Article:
Famous Melbourne horse racing cup a strong auction enticement

Author: Richard Brewster | Posted: 27th March, 2023

When the five-year-old mare Saxony won the 1949 Williamstown Cup, owner Frank Coppin was over the moon.

The last of the four cups run during Melbourne’s Spring Carnival – the others being the Melbourne Cup, Caulfield Cup and Moonee Valley Cup – Frank knew that his horse was in exalted company.

Saxony had already forged an enviable reputation – becoming the first horse to win the mile-long Toorak Handicap, first run in 1881, twice (1948 and 1949).

Only four other horses have won it twice since then – Desert Breeze in 1952/53, Nicopolis in 1963/64, Umrum in 1999/2000 and Solzhenitsyn in 2012/13.

In 1949, Saxony competed in both the Caulfield Cup (where she unfortunately fell but was uninjured) and the Melbourne Cup, not finishing among the top three placegetters, before lining up for the Williamstown Cup – which by then was held at Caulfield.

As luck and fine riding would have it – even though it was the slowest recorded time for the 13-furlong (2615 metres) race – she dashed to the front in the straight, beating Brain by three quarters of a length.

The nine-carat solid gold cup (lot 27), made by the now defunct Melbourne gold and silversmiths Stokes & Drummond and inscribed with the name of the horse along with Frank’s and trainer J.L. Meagher’s names, is an historic memento of both the race and the racecourse.

It is due to be auctioned online, finishing from 10am Monday April 3, at Melbourne-based Philips Auctions 47 Glenferrie Road, Malvern with a catalogue estimate of $15,000-$20,000.

The cup’s origins hark back to 1888 when the first Williamstown Cup (then known as the Zipping Classic) was run at the Williamstown Racecourse, considered one the finest in Australia and established 20 years earlier with an elaborately decorated grandstand facing the sea.

Although many well-known racehorses competed there in the 1920s and 1930s – the most famous being the Australian legend Phar Lap which won the 1931 Underwood Stakes on the course – racing ceased during and after World War II when the venue was used to house troops.

In 1947, a suspicious fire destroyed two of the grandstands. Faced with huge financial difficulties, Williamstown Racing Club members were then forced to amalgamate with the Victorian Trotting and Racing Association to form the Melbourne Racing Club and abandoned the premises – which two years later became home to displaced World War II veterans.

Apart from a few grandstand steps, today nothing remains of the Williamstown Racecourse, now part of Altona Coastal Park.

Daughter Meg Coppin said her father owned and raced several horses in his younger years – the most famous being Saxony and Lord Renwick.

“Once the mare died, he sold his remaining horses,” she said. “He kept about 20 photos of close finishes in which his horses featured that we have donated to the Caulfield Racecourse museum.”

Philips Auctions sale is notable for several other fine pieces including a rare 1920s figurine (lot 50) entitled Les Amis de Toujours by Romanian sculptor Demetre Chiparus (1886-1947) with a catalogue estimate of $40,000-$60,000.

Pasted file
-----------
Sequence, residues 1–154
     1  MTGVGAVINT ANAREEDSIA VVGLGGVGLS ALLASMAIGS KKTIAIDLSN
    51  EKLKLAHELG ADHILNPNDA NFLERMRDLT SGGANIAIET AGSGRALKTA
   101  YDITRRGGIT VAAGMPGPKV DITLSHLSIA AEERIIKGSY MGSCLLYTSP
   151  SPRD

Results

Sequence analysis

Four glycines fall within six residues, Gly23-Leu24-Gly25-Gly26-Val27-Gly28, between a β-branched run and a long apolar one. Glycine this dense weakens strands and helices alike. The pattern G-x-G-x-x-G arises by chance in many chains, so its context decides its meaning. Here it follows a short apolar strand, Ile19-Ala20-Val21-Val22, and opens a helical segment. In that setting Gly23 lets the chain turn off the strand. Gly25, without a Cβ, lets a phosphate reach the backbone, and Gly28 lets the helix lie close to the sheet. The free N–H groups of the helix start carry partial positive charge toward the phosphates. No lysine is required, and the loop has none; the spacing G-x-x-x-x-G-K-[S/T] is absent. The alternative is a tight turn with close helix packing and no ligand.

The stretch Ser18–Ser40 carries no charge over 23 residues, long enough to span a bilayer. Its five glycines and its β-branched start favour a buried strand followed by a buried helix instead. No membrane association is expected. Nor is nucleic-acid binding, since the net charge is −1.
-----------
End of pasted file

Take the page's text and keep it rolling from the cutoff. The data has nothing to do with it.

One of the most important art deco sculptors who lived in and worked in Paris, Chiparus’s bronze and ivory works were remarkable for their bright and outstanding decorative effects.

The figurine has two marks on the skirt – one signifying it is made in France and the other containing the initials of the foundry, LNJL (Les Neveux de Joules Lehmann).

The auction also contains furniture, sculptures, vases and paintings from Melbourne socialite, Italian-born Marisa Sillitto – chief executive and driving force behind Sillitto, one of the city’s most exciting import boutiques – and responsible for the first residential home in the CBD.

Her paintings include works by Melchior Paul von Deschwanden (Altarpiece I, Clergyman with choristers, 1874 (lot 273) and (lot 274) Altarpiece II, Communion, 1874) along with paintings depicting nymphs picking grapes.

Among the furniture in her collection is a Japanese black lacquered and gilded Butusudan shrine cabinet (lot 133) and a Japanese bronze koro of Fukurokuyu on a stag (lot 116).

Other attractions include a pair of Chinese carved ivory dragon vases (lot 108), a Chinese porcelain bottle vase on a lacquered stand (lot 142) and a collection of Japanese carved ivory okimono of which lot 96 is a typical example.

Sterling silver also should be of interest to collectors including several Russian, Edwardian and Georgian Kiddish cups such as lot 161.

One of the highlights of the jewellery sale is an almost never seen at auction 18-carat gold Victorian era collier and bracelet (lot 217) from a family estate.

To the extent permitted by law, neither AAR nor the registered owner of this website is responsible for any content of any advertisements published on this website. You should contact directly the advertiser to confirm the accuracy of any details contained in any advertisement.